Audits are a common fear among all taxpayers. Business owners work hard year-round to maintain their tax records to remain in good standing with the IRS. There are few pieces of mail to receive that will send your heart racing like a letter from the IRS.
Hopefully that day never comes but that doesn’t mean you shouldn’t prepare for one. The internet makes it easy to compile and adjust your folder of records going back four years that would interest an auditor. First, you need to know what the commonly reviewed records are:
- Bank statements: If this is a true business audit, the auditor should only need to review your business bank account instead of both your personal and business accounts.
- Invoices, invoices, invoices: Record everything. The IRS may wish to review invoices for sales, supplies and monetary assets.
- Tax returns and filing procedures: Chances are the auditor will wish to review your tax return records and accounting information used to prepare taxes. Inaccuracies could mean needing to pay more in taxes but the auditor will also check to see if you’ve overpaid.
- Ledgers and journals: Hang on to any other record keeping systems like ledgers and journals as well as supporting documentation.
The law requires taxpayers to provide the auditor with all requested documents. That’s why comprehensive and meticulous record keeping is crucial in the event of an audit. The above list does not include all documents an auditor might request. Which records the auditor requests will vary based on the size and complexity of the business. Taxpays should direct questions to the auditor or the audit supervisor during the process.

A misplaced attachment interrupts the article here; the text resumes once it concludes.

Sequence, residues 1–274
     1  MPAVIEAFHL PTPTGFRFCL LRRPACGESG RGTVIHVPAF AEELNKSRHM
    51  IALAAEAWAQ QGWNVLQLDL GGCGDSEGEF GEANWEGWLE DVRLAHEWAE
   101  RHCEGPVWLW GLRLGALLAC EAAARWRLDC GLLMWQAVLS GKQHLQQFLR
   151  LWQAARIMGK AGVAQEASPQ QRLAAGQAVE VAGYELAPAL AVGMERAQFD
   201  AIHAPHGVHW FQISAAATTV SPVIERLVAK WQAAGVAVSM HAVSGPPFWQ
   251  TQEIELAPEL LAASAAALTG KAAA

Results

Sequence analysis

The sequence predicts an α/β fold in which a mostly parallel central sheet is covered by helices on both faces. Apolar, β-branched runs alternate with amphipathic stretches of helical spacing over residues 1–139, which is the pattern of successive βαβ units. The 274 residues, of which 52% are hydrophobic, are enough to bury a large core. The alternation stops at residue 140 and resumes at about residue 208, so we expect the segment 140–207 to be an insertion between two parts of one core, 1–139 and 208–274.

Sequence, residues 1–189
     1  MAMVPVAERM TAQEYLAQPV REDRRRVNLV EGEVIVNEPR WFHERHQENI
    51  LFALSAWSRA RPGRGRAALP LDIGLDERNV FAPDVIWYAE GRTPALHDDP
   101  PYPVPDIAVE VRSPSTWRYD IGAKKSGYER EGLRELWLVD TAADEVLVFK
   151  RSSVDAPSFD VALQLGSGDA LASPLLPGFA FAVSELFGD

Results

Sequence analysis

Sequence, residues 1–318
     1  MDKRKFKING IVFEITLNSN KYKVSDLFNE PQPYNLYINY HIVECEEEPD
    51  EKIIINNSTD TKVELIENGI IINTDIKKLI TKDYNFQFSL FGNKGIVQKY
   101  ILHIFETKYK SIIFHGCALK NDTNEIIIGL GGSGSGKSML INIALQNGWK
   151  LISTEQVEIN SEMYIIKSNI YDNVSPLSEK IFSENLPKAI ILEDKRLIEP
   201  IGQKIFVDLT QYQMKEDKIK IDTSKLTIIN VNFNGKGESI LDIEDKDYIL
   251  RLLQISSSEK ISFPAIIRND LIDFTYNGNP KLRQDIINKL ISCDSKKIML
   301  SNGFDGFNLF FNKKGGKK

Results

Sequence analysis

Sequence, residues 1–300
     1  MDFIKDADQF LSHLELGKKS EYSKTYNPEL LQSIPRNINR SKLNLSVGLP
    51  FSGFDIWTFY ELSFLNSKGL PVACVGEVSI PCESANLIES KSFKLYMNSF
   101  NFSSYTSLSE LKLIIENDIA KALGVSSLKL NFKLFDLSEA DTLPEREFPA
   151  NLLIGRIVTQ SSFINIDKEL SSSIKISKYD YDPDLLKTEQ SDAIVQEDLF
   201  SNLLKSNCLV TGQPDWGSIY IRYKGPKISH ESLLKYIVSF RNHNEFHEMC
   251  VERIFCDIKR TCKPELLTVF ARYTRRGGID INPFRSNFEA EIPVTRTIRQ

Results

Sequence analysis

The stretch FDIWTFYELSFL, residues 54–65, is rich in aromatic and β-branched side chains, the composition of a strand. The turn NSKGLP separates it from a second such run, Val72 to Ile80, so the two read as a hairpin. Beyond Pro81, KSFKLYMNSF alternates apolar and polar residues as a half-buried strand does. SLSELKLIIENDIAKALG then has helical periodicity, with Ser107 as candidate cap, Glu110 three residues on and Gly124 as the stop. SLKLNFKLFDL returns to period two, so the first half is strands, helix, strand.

Taxpayer bill of rights
An audit may be intimidating but the state of Michigan has laws that level the playing field somewhat. You may request a reasonable time and location as well as the right to an attorney. You also have the right to receive copies of the audit schedule and review any findings with the auditor or their supervisor.
After the IRS releases the auditor’s findings, you have the right to provide additional documents or contest the results within 60 days of initial notice. Beware of interest charged on any balance due and the state recommends making the scheduled payments during the appeal and requesting a refund later if necessary.
Better safe than sorry
Taxpayers should take audits seriously. It’s best to prepare common documents that the IRS would likely review in an audit as you go instead of scrambling to gather everything at the last moment. Know that you have rights throughout the process and ensure your understanding of what’s happening. Following these steps could make the process less stressful.